However WebIOPi doesn't support the DHT11/DHT22 tempreature sensors natively. In this guide I will walk you through the steps to get an endpoint to return temperature and humidity data via the WebIOPi REST API. Step 1: Install the sensor I followed these wiring instructions to get my DHT11 sensor plugged into my Raspberry Pi. He basically says to connect the pins like this (left to right): Power to a 3.3V or 5V pinData to a regular GPIO pin(skip this pin)Ground to a Ground pin I also connected a pull-up 10K resistor between the Power and Data wires.
Step 2: Install Adafruit's DHT library Since WebIOPi doesn't support the DHT11/DHT22 sensors natively, we have to install a driver that can read from it. DHT Humidity Sensing on Raspberry Pi or Beaglebone Black with GDocs Logging. The Python and C code to work with Adafruit's DHT sensors is available on Github at We use some C code to talk to the DHT sensors since they require extremely fast timing to read, and then wrap the C code in a simple Python library for easy integration into your own programs.
The easiest way to get the code onto your Pi or Beaglebone Black is to hook up an Ethernet cable, and clone it directly using 'git', which is installed by default on most distros. Simply run the following commands from an appropriate location (ex. Adafruit/DHT-sensor-library. ESP8266 Weather station - Documentation - Documentation. #include <ESP8266WiFi.h> #include "DHT.h" #define DHT_PIN 12 #define DHTTYPE DHT11 DHT dht(DHT_PIN, DHTTYPE, 15); float hum; float temp; const char* ssid = "SSID"; const char* password = "password"; WiFiClient client; String thing_ID = "Thing_Id"; String propertyID_temp = "Temperature_Property_Id"; String propertyID_hum = "Humidity_Property_Id";
DHT11. Realtime temperature monitoring with Raspberry Pi and MQTT protocol - Documentation - Documentation. Component list Raspberry PiDHT11/22 or AM2302 temperature and humidity sensor4.7K or 10K resisterBreadboardJumper wires 1. How to post data to Google sheets using ESP8266 - Embedded Lab. In the past couple years, the ESP8266 platform has flourished dramatically and emerged as one of the most popular hardware tools among electronics hobbyists and IoT enthusiasts.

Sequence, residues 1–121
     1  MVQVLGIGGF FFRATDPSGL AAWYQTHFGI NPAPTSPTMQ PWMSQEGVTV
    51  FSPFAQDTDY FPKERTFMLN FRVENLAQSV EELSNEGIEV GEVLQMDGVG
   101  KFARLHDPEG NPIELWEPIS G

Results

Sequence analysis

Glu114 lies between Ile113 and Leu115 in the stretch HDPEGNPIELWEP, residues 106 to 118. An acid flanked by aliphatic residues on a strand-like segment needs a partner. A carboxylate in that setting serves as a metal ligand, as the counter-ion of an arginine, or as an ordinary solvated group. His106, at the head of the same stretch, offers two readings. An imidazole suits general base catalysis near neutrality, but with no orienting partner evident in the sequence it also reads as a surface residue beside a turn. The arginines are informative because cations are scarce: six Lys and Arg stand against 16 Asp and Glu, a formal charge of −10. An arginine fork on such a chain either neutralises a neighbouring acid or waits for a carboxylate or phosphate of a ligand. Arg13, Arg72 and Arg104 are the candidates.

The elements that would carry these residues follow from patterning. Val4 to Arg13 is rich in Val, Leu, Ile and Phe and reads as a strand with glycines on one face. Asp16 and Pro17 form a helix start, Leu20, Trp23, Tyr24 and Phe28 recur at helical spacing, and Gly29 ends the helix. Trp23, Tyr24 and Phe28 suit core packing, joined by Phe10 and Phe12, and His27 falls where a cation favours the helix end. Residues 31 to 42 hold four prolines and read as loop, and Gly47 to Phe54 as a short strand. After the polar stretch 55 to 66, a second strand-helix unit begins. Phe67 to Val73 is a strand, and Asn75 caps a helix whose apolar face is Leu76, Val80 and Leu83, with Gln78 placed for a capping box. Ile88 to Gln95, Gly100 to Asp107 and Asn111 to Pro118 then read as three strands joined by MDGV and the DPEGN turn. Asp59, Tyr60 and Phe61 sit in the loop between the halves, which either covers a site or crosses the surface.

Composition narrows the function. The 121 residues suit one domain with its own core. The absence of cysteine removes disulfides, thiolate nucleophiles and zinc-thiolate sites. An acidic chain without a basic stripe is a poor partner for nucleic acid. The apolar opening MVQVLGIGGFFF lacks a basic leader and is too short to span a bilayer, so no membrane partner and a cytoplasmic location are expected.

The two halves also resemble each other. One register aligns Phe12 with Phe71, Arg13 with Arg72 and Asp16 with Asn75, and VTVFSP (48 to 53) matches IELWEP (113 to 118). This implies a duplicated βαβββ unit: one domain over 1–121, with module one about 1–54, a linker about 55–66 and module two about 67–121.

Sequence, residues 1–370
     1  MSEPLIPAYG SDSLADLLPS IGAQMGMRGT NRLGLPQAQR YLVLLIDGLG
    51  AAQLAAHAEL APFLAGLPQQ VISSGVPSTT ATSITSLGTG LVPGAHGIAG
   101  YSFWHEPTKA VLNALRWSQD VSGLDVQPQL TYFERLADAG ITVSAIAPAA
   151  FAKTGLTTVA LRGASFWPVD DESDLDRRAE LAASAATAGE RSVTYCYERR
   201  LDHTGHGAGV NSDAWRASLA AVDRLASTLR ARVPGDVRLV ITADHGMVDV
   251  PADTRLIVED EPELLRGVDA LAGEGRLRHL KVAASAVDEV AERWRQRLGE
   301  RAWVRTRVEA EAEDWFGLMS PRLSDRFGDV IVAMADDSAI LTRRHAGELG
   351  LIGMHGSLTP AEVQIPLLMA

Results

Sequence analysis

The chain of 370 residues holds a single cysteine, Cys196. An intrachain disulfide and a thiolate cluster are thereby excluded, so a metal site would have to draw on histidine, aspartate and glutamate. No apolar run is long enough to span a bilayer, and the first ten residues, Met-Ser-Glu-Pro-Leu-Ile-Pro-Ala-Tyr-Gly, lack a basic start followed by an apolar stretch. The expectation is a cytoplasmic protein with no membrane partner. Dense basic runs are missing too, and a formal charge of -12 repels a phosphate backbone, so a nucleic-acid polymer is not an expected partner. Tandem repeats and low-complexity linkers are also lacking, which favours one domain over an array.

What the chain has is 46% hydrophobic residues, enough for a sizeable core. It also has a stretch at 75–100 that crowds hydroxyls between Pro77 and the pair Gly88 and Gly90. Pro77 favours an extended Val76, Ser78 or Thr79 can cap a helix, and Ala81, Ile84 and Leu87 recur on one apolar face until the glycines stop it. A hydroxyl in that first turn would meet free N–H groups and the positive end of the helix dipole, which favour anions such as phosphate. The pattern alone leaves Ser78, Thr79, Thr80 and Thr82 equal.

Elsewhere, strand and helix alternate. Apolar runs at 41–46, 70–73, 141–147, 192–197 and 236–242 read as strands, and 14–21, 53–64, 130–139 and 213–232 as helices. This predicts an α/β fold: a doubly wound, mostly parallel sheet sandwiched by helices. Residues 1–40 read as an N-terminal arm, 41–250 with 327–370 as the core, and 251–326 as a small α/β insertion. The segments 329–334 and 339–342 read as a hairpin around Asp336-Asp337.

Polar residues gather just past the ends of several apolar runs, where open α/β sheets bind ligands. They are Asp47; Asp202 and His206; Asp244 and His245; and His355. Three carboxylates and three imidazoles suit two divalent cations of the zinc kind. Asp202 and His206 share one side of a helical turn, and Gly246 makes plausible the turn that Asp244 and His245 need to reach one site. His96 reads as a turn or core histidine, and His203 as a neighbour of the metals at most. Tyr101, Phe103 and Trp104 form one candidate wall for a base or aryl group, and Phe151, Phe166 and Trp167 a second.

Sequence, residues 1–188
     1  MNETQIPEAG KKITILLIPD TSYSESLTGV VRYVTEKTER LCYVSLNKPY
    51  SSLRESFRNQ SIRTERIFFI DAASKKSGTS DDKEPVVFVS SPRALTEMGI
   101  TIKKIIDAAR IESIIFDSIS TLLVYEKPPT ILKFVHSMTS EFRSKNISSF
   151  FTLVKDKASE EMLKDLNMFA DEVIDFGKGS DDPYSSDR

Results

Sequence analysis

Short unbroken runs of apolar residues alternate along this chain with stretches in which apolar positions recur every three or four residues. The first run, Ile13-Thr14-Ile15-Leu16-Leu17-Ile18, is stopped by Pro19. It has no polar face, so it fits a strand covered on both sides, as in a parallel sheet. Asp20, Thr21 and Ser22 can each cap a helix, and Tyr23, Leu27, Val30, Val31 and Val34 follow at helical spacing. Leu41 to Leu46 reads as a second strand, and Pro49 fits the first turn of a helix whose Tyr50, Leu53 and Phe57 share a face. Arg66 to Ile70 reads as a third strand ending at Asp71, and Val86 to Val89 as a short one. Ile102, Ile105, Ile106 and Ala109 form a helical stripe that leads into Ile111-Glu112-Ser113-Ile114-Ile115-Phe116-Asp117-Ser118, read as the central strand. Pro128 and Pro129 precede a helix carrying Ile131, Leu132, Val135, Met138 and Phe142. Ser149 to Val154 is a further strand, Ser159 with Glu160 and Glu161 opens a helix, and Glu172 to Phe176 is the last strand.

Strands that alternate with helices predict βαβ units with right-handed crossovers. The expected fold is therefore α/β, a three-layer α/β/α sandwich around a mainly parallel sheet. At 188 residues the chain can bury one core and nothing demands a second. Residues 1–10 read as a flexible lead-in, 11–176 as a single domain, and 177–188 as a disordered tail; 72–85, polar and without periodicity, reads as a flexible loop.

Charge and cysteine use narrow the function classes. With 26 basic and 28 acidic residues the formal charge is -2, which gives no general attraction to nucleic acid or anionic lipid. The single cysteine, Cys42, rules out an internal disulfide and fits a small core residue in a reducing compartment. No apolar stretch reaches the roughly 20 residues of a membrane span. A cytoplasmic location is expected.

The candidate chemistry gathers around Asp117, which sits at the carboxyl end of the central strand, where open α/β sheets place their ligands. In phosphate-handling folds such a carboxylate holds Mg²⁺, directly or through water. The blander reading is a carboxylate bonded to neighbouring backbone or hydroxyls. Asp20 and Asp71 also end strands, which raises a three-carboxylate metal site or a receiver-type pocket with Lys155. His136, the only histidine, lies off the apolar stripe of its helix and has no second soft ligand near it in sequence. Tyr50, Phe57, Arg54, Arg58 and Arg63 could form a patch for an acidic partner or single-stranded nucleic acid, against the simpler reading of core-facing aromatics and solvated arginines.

Packed with a 32-bit RISC CPU running at 80 MHz, a fully integrated WiFi radio with TCP/IP protocol stack, serial peripherals (I2C, SPI, and UART), an ADC channel, and general purpose I/O pins, the ESP8266 is the most integrated and affordable WiFi solution available in the current IoT market space. An ESP8266 hardware, like NodeMCU and ESP-01, can directly interface with sensors using its peripherals and upload the sensor measurements to a local or a remote web server via internet. Right now, there are already quite a bit of cloud IoT platforms (ThingSpeak, thinger.io, TESPA.io, Xively, … the list is getting bigger everyday) that provides APIs and tools to allow the ESP8266 users to directly upload their sensor readings online for real-time visualization and global access. ESP8266 temperature and humidity logger with deep sleep enabled - Embedded Lab. ESP8266 has made it possible for hobbyists and makers to develop IoT applications in simple and inexpensive ways.
This article shows an example of making a very simple temperature and humidity logger using ESP8266 that uploads the data directly to a cloud service, such as ThingSpeak, and allows to visualize the data in real time. The ESP8266 module used in this project is WeMOS’ D1 Mini board. Yet more DHT22 sensor code. #!
C code as a background service. - GOOD – stargatekt87
/usr/bin/env python # 2014-07-11 DHT22.py import timeimport atexit import pigpio. Python code for dht11 sensor. # -*- coding: utf-8 -*-#! /usr/bin/pythonimport RPi.GPIO as GPIOimport timeimport smbusimport sys # - - MCP23017 registers - - #IO_DIRECTION_A = 0x00 # IO direction (0=output, 1=input (Default))IO_DIRECTION_B = 0x01IOPOLA = 0x02 # IO polarity (0=normal, 1=inverse)IOPOLB = 0x03GPINTENA = 0x04 # interrupt on change (0=disable, 1=enable)GPINTENB = 0x05DEFVALA = 0x06 # default comparison for interrupt on changeDEFVALB = 0x07INTCONA = 0x08 # interrupt control (0=interrupt on change, 1=interrupt on change from DEFVAL)INTCONB = 0x09GPPUA = 0x0C # pull-up resistor (0=disabled, 1=enabled)GPPUB = 0x0DINFTFA = 0x0E # interrupt flagINFTFB = 0x0FINTCAPA = 0x10 # interrupt captureINTCAPB = 0x11GPIOA = 0x12 # port valueGPIOB = 0x13OLATA = 0x14 # output PortsOLATB = 0x15.
How to Set Up the DHT11 Humidity Sensor on the Raspberry Pi - Circuit Basics. Dht11.